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Tax moves to make in November 2012

Making Obama, Romney tax plans add up

The brief bipartisan love fest prompted by the tragedy and destruction left in Hurricane Sandy's wake is over. It's back to the campaign trail in full force for both President Obama and his Republican challenger Mitt Romney.

Obama at nuclear energy summit April 12 2010_White House photoThe two men and their vice presidential partners are focusing on the swing states that likely will decide who gets to sit in the Oval Office for four more or four new years.

As has been the case from the get-go, the economy is a key consideration.

And how Obama and Romney propose to pay for our country's economy, i.e., what's in their tax plans, is getting added scrutiny.

There have been myriad articles written about the Obama and Romney tax plans, including one by me and some in which I comment on the proposals (most recently in Investor's Business Daily and MarketPlace).

Many public policy groups and academicians also have taken a stab at the various tax proposals to see whether they really would do what Obama and Romney say.

Romney speaking_Romney-Ryan campaign photoNow it's your turn to show your tax policy prowess.

Dylan Matthews and Ezra Klein of The Washington Post have created interactive versions of the Obama and Romney tax plans in which you get to decide the policy specifics.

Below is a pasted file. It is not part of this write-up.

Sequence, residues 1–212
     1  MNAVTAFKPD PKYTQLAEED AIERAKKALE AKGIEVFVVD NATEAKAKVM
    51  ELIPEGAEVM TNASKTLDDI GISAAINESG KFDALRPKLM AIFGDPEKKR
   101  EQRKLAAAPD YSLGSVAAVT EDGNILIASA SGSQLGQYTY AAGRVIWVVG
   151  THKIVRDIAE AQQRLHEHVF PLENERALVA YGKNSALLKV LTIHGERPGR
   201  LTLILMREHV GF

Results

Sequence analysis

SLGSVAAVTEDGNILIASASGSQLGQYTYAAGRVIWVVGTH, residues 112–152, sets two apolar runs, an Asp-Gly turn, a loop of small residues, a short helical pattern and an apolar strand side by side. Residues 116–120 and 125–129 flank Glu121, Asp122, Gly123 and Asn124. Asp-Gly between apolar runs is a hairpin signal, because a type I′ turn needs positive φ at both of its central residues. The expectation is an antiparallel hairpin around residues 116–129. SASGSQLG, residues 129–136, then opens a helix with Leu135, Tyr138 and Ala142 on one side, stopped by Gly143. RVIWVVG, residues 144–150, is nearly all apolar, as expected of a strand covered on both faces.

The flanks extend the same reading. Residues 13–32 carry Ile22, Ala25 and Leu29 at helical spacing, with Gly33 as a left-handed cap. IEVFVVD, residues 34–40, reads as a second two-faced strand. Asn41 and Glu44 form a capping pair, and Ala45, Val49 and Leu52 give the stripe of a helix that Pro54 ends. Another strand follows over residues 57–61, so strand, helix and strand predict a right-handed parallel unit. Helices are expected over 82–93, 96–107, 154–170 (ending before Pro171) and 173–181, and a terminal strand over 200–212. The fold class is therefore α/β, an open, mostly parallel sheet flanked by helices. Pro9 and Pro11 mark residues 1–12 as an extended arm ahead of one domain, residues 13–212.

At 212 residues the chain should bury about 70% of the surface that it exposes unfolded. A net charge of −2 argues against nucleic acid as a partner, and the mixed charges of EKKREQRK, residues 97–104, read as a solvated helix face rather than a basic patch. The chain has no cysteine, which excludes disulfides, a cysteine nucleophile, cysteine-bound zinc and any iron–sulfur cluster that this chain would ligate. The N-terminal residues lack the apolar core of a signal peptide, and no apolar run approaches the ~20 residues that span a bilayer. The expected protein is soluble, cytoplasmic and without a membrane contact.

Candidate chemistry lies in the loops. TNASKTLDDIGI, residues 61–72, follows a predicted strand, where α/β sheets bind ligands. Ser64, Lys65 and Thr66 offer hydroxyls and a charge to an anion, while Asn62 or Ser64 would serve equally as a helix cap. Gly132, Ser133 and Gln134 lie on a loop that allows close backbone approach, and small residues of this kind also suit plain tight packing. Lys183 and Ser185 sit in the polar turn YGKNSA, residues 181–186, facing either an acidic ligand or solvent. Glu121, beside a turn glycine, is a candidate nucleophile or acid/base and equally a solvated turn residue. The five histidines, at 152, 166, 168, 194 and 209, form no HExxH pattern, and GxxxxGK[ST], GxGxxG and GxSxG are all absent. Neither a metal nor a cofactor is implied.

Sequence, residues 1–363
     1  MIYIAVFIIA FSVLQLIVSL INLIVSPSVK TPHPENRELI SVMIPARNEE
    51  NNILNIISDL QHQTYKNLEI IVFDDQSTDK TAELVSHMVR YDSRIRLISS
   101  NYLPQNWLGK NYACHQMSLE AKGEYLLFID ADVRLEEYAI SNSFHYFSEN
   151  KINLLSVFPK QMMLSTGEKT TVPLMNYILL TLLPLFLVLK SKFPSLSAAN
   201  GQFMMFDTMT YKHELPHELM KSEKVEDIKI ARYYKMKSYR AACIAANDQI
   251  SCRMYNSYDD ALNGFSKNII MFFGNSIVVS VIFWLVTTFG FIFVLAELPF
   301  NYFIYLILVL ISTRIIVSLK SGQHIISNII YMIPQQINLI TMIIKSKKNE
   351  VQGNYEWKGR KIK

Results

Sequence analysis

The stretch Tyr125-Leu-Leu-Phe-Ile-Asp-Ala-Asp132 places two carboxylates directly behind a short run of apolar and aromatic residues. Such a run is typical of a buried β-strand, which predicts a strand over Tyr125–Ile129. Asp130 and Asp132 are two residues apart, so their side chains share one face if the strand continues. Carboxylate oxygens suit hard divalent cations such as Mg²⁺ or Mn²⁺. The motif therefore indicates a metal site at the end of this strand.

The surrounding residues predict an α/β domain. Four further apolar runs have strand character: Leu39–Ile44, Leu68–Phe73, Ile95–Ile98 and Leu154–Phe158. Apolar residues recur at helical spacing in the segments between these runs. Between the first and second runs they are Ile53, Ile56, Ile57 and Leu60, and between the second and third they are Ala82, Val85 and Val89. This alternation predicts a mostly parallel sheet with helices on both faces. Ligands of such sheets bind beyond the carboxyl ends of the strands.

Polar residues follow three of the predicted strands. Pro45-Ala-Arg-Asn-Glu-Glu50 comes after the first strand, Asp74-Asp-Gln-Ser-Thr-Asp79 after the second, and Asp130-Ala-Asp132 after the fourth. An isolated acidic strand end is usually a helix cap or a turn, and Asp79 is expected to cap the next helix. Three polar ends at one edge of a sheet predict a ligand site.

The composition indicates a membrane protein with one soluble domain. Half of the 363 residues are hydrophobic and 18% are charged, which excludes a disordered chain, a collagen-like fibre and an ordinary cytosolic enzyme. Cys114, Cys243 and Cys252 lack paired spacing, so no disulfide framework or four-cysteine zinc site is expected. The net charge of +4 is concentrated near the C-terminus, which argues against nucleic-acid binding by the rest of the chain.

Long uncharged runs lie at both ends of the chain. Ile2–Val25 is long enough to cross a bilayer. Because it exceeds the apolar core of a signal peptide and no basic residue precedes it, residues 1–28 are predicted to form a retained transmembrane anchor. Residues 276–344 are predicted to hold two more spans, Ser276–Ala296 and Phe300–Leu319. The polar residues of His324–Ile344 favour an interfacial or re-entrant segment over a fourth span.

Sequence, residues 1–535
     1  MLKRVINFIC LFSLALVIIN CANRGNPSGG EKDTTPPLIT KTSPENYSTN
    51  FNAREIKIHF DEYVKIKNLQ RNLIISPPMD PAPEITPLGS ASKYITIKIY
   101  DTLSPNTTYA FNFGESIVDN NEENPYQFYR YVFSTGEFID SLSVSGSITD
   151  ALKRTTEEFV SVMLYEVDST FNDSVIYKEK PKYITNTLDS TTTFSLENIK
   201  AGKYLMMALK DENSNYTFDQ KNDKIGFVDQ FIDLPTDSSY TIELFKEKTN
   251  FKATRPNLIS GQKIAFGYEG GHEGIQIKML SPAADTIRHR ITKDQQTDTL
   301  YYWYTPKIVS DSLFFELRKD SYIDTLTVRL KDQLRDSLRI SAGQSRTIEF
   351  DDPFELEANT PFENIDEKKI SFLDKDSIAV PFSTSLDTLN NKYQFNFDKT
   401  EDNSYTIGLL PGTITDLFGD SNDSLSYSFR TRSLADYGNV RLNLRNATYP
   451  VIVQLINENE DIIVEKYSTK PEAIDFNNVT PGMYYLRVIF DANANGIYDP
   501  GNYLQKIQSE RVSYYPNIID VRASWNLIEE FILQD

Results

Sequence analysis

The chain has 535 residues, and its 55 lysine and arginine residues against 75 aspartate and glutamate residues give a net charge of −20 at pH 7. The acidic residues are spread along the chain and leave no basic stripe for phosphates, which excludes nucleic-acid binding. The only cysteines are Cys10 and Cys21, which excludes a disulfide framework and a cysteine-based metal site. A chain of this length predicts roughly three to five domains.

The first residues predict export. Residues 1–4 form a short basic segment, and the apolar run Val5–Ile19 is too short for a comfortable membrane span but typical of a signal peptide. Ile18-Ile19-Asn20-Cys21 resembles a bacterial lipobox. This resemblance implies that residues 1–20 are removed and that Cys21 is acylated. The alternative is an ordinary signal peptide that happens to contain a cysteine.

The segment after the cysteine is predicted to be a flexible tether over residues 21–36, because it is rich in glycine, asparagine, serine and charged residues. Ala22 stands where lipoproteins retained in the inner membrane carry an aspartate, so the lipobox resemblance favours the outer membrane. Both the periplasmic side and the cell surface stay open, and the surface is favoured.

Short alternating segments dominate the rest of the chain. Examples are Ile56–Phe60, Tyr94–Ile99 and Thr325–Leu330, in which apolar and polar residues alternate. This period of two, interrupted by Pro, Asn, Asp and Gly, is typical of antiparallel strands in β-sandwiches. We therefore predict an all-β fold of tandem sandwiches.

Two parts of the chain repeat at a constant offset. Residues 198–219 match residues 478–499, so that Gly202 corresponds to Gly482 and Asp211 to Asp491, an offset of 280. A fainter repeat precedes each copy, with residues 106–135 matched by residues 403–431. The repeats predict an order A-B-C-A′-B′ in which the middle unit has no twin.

Basically, the newspaper wants you to make each candidate's tax plan add up.

With the online tax tool for the Romney proposal, you get to try to raise the $480 billion that the Tax Policy Center estimates the GOP candidate's plan will cost in 2015 by doing what Romney says he will do if elected: Limit or eliminate tax deductions and close loopholes.

The Post's calculator also lets you do something Romney insists he won't do: Raise taxes.

Romney revenue meter interactive via Washington PostClick on the image (or here) to access the Romney tax plan planner.

Obama's tax plan provides a slightly different task.

The newspaper's Obama online calculator requires you to help the president raise revenue not to pay for new tax cuts, but as part of the $4 trillion deficit reduction "Grand Bargain" that Obama has consistently advocated since last summer's debt ceiling fight.

Obama revenue meter interactive via Washington PostClick on the image (or here) to access the Obama tax plan planner.

Good luck.

Please share your results with me and the readers of the ol' blog by posting your suggestions for each plan in the comments.

And be sure to let the Obama and Romney camps know your recommendations before next Tuesday. It could make a difference!

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